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Pattern Playback: Background
The use of the Pattern Playback is based around an experimental procedure that involves two steps, first the representation of speech in terms of a sound spectrogram, and second, the reconversion of these visual patterns -- after appropriate simplifications and modifications -- back into sound for evaluation by ear. The operating principle of the Pattern Playback employs about the simplest possible way of reinserting the frequencies specified by the spectrogram. A tone wheel supplies the first 50 harmonics of a fundamental frequency of 120 cycles, thus giving a frequency range of 0 to 6000 cycles. Because of this fixed fundamental frequency, the device will "speak" only in a monotone.

The spectrogram from which the sound is reconstituted can be a photographic copy of an original spectrogram, in which case the appropriate frequencies are transmitted by the film to the light collector and photo-cell. For synthetic spectrograms, on the other hand, it is most convenient to paint only what one wishes to hear. Hence, flat white paint on clear cellulose acetate is used, and the useful light is that which is scattered back into the light collector by diffuse reflection from the painted areas. Convenience of operation was a most important consideration in the design of this equipment.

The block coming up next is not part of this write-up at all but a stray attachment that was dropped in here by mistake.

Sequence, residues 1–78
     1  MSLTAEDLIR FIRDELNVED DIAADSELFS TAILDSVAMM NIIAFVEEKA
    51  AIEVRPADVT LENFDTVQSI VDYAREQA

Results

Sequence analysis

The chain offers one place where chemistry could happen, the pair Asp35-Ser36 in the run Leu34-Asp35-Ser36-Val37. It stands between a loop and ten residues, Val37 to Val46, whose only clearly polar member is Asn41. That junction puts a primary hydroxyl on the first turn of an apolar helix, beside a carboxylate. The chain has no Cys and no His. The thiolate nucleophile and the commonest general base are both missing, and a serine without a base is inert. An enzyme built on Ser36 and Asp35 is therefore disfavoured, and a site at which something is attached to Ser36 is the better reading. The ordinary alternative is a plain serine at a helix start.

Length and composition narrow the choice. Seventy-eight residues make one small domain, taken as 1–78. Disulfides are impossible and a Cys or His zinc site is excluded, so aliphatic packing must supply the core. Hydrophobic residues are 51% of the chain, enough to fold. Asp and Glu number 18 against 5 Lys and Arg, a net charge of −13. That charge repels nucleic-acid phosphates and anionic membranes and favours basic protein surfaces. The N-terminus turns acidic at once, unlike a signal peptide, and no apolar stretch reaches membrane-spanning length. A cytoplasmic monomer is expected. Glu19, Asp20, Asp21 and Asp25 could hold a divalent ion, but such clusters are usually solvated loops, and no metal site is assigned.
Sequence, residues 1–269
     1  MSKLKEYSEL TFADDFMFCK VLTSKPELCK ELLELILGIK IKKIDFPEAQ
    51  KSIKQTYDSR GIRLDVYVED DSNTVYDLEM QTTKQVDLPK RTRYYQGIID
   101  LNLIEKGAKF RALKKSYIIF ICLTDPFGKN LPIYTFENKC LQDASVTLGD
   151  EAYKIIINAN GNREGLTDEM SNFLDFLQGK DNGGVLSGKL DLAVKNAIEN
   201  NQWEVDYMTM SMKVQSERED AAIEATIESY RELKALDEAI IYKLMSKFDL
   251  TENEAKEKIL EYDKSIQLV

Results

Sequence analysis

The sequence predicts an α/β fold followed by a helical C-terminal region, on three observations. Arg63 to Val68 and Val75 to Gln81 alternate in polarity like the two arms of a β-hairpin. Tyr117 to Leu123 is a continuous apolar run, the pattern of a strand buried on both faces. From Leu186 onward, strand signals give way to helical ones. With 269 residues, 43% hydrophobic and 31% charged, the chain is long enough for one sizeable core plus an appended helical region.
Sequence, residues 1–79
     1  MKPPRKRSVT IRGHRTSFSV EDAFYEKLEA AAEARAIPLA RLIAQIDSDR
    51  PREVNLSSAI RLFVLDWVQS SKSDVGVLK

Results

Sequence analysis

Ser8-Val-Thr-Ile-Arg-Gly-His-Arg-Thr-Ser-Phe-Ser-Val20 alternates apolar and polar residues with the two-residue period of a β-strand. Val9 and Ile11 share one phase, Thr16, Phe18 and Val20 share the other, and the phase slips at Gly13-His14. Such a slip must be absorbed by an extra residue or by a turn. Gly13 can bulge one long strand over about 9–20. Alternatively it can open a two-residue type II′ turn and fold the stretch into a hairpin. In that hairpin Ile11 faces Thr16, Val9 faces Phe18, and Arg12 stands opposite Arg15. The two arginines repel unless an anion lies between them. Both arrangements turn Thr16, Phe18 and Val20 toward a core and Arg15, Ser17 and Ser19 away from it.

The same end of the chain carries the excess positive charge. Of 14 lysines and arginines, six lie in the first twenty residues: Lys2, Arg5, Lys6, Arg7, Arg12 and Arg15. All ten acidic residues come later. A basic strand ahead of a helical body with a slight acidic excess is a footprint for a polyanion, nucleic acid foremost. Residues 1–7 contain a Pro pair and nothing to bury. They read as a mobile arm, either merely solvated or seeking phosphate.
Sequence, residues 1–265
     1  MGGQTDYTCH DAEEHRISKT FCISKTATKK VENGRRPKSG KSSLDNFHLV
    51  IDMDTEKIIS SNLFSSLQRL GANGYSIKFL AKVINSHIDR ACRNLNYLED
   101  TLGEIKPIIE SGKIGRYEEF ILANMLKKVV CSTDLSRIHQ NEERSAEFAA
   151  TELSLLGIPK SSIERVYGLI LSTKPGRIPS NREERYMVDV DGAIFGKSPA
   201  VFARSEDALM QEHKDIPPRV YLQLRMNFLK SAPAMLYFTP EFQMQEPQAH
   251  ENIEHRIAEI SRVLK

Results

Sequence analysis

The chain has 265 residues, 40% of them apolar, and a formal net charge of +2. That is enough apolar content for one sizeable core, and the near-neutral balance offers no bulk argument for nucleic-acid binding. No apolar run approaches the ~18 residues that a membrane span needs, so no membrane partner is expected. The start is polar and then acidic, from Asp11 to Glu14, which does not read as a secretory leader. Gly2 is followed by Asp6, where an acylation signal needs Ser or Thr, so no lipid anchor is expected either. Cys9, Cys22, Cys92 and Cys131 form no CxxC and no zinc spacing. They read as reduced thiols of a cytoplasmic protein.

The Pattern Playback created signals perceivable as speech sounds by reproducing the critical acoustic information in the speech signal. Such critical information consists of the formant patterns (main bands of energy), and other noises, hisses, pops, clicks, etc., that can be seen in a frequency analysis of a signal, often done with a sound spectrograph (also known as a voiceprint).

Pattern Playback